Fred Otash's Noir: Sex, Murder & Hollywood Confessions

A man waits patiently beneath a streetlight. The city’s darkened alleyways etch out like veins behind him. He imagines the streets pumping cigarette smoke as oxygen. As his mark leaves the Chevy, the man tosses his lit cigarette into the pooling water along the gutter. He makes softly for the bushes, adjusts a microphone and captures one of America’s darkest held secrets.

The hard-boiled genre of television today is reduced to serialized episodes that are solved in haste, with a defined beginning and ending. Much of the tropes and idioms associated with the anti-hero who operates in a moral grey area are lost, swiftly traded in for more easily accessible plotlines and audience numbers. This could all be changing in the near future, as FX develops one of the most promising pilots in years.

Fred Otash Detective Bureau Ad, 1960s

Fred Otash’s story writes itself. The former cop turned private detective exposed some of America’s most intriguing scandals. From John F. Kennedy and Marilyn Monroe’s sexual escapades being recorded, to Rock Hudson’s gay confession and confrontation with his wife, Otash’s body of work is all too fit for cathode ray tube.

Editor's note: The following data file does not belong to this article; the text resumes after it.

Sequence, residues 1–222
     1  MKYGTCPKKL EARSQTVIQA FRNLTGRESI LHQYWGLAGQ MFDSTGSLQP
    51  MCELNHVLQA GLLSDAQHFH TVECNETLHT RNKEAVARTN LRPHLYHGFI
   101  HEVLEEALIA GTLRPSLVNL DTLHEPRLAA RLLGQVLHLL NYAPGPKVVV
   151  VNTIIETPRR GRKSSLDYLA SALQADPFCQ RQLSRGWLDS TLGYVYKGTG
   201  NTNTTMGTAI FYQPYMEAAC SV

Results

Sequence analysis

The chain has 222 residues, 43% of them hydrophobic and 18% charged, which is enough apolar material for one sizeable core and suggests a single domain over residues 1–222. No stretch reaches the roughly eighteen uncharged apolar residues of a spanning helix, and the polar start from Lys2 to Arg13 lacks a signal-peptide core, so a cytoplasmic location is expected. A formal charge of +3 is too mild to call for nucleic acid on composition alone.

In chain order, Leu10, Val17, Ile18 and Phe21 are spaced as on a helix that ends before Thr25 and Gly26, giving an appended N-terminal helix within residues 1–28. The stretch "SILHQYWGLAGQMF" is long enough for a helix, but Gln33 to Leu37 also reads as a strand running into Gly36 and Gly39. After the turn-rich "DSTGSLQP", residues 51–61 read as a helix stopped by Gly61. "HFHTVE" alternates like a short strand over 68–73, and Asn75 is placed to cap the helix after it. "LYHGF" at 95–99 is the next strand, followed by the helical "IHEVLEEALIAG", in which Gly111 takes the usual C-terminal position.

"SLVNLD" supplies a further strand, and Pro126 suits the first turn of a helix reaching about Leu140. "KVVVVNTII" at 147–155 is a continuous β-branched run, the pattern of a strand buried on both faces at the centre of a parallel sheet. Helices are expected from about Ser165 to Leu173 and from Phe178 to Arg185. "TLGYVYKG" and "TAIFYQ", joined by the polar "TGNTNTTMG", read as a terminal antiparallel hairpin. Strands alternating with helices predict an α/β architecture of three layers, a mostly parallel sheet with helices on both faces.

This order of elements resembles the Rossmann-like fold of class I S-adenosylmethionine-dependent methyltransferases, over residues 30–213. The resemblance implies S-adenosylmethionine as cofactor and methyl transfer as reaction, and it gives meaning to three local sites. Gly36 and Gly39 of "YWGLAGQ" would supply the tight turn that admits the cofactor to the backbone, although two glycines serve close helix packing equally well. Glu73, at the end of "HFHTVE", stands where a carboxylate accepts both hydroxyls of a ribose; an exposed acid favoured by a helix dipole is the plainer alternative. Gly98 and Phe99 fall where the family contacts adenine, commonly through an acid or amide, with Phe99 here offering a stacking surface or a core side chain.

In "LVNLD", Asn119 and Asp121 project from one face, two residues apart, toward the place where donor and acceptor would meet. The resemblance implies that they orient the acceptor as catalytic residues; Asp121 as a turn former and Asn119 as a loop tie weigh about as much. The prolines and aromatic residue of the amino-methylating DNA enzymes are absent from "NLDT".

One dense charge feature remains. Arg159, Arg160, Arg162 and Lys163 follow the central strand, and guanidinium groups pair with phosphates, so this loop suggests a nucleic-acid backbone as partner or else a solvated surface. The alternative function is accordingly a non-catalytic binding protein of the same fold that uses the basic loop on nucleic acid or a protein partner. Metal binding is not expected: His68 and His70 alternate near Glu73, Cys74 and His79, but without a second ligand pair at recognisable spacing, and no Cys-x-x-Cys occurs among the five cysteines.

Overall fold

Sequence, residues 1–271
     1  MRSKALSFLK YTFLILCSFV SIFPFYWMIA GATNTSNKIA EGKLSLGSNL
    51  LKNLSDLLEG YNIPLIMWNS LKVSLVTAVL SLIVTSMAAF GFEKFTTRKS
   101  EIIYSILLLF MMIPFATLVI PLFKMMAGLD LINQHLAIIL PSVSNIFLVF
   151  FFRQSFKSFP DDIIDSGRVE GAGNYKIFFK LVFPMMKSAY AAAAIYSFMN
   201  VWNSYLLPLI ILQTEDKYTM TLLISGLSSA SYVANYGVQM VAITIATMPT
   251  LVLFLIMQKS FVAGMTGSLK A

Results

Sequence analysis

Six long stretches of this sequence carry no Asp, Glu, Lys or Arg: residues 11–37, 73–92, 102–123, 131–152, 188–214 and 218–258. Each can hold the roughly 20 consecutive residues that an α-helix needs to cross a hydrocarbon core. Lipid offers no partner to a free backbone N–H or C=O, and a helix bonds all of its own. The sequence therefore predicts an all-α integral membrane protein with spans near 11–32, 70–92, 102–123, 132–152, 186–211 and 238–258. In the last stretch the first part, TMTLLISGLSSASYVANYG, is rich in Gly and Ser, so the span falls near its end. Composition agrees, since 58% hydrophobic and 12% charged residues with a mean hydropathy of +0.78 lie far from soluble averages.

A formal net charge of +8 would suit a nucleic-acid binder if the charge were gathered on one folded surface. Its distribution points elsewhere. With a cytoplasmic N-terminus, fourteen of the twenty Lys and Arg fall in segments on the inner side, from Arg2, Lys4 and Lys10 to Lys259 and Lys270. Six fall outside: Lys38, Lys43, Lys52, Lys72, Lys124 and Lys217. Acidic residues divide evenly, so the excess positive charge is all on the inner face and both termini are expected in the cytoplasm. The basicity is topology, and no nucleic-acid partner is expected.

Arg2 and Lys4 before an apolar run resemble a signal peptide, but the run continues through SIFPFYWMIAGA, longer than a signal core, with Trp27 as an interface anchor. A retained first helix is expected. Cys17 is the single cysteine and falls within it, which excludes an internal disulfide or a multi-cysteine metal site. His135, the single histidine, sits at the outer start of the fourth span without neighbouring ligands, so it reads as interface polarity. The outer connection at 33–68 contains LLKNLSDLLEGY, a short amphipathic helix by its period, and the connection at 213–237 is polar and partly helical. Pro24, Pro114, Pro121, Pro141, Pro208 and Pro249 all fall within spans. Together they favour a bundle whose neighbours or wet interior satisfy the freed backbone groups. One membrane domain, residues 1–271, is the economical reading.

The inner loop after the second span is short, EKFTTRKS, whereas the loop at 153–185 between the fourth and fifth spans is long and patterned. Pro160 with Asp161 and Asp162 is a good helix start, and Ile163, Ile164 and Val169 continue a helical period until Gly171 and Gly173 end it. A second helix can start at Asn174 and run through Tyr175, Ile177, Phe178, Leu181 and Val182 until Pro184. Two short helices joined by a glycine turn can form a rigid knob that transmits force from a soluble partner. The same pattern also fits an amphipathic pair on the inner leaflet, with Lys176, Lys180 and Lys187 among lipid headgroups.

It comes as no surprise that Otash is cited as the inspiration in two of the most successful crime fiction stories, director Roman Polanski’s Chinatown and author James Ellroy’s L.A. Confidential. Ellroy is tagged to helm the development of the network’s new pilot.

Eleven boxes of recently uncovered documents and notes expose, among previously mentioned scandals, a confrontation between Robert F. Kennedy, JFK’s brother-in-law Peter Lawford, and Monroe on the day Monroe died. Otash’s daughter Colleen gave these boxes to The Hollywood Reporter in hopes that the distorted interpretations of her father’s life would be righted.

Otash’s notes also detail his time spent as contracted security for actress Judy Garland in which he discovered caches of drugs in her homestead.

Matthew Weiner’s pilot for Mad Men is possibly the best attempt at noir fit for television in recent years. Though the series immediately ditched the stereotypical cinematography, there is evidence that a network can invest, and invest heavily, in a classic crime-detective styled pilot.

FX’s latest critically acclaimed series The Americans could find deserving compliment in Otash’s story. The network may be poised to define itself as a major player in cable television supremacy.

What detective series do think is currently the best on television? Let us know.

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